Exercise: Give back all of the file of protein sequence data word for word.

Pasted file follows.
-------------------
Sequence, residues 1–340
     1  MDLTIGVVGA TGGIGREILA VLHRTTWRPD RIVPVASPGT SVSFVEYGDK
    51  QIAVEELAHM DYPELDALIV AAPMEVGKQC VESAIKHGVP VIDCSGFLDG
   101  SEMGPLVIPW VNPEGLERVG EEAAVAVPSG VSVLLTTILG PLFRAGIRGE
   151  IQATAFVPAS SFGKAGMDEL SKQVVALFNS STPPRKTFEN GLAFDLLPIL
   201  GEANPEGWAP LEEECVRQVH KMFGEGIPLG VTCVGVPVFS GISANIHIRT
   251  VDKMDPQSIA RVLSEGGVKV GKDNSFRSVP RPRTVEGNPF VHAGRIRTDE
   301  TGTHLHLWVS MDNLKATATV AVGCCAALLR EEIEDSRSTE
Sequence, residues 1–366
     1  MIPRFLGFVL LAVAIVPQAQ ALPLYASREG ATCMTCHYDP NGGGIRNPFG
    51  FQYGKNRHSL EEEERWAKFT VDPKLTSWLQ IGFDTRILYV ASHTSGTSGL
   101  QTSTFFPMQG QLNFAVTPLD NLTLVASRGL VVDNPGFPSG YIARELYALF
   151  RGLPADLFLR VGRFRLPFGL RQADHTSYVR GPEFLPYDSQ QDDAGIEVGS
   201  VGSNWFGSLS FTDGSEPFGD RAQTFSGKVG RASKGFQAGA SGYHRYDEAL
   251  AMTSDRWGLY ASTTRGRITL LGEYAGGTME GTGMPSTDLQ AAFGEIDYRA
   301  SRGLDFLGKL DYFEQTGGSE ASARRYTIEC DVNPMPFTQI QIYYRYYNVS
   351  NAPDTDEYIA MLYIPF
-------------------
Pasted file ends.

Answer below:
Sequence, residues 1–340
     1  MDLTIGVVGA TGGIGREILA VLHRTTWRPD RIVPVASPGT SVSFVEYGDK
    51  QIAVEELAHM DYPELDALIV AAPMEVGKQC VESAIKHGVP VIDCSGFLDG
   101  SEMGPLVIPW VNPEGLERVG EEAAVAVPSG VSVLLTTILG PLFRAGIRGE
   151  IQATAFVPAS SFGKAGMDEL SKQVVALFNS STPPRKTFEN GLAFDLLPIL
   201  GEANPEGWAP LEEECVRQVH KMFGEGIPLG VTCVGVPVFS GISANIHIRT
   251  VDKMDPQSIA RVLSEGGVKV GKDNSFRSVP RPRTVEGNPF VHAGRIRTDE
   301  TGTHLHLWVS MDNLKATATV AVGCCAALLR EEIEDSRSTE
Sequence, residues 1–366
     1  MIPRFLGFVL LAVAIVPQAQ ALPLYASREG ATCMTCHYDP NGGGIRNPFG
    51  FQYGKNRHSL EEEERWAKFT VDPKLTSWLQ IGFDTRILYV ASHTSGTSGL
   101  QTSTFFPMQG QLNFAVTPLD NLTLVASRGL VVDNPGFPSG YIARELYALF
   151  RGLPADLFLR VGRFRLPFGL RQADHTSYVR GPEFLPYDSQ QDDAGIEVGS
   201  VGSNWFGSLS FTDGSEPFGD RAQTFSGKVG RASKGFQAGA SGYHRYDEAL
   251  AMTSDRWGLY ASTTRGRITL LGEYAGGTME GTGMPSTDLQ AAFGEIDYRA
   301  SRGLDFLGKL DYFEQTGGSE ASARRYTIEC DVNPMPFTQI QIYYRYYNVS
   351  NAPDTDEYIA MLYIPF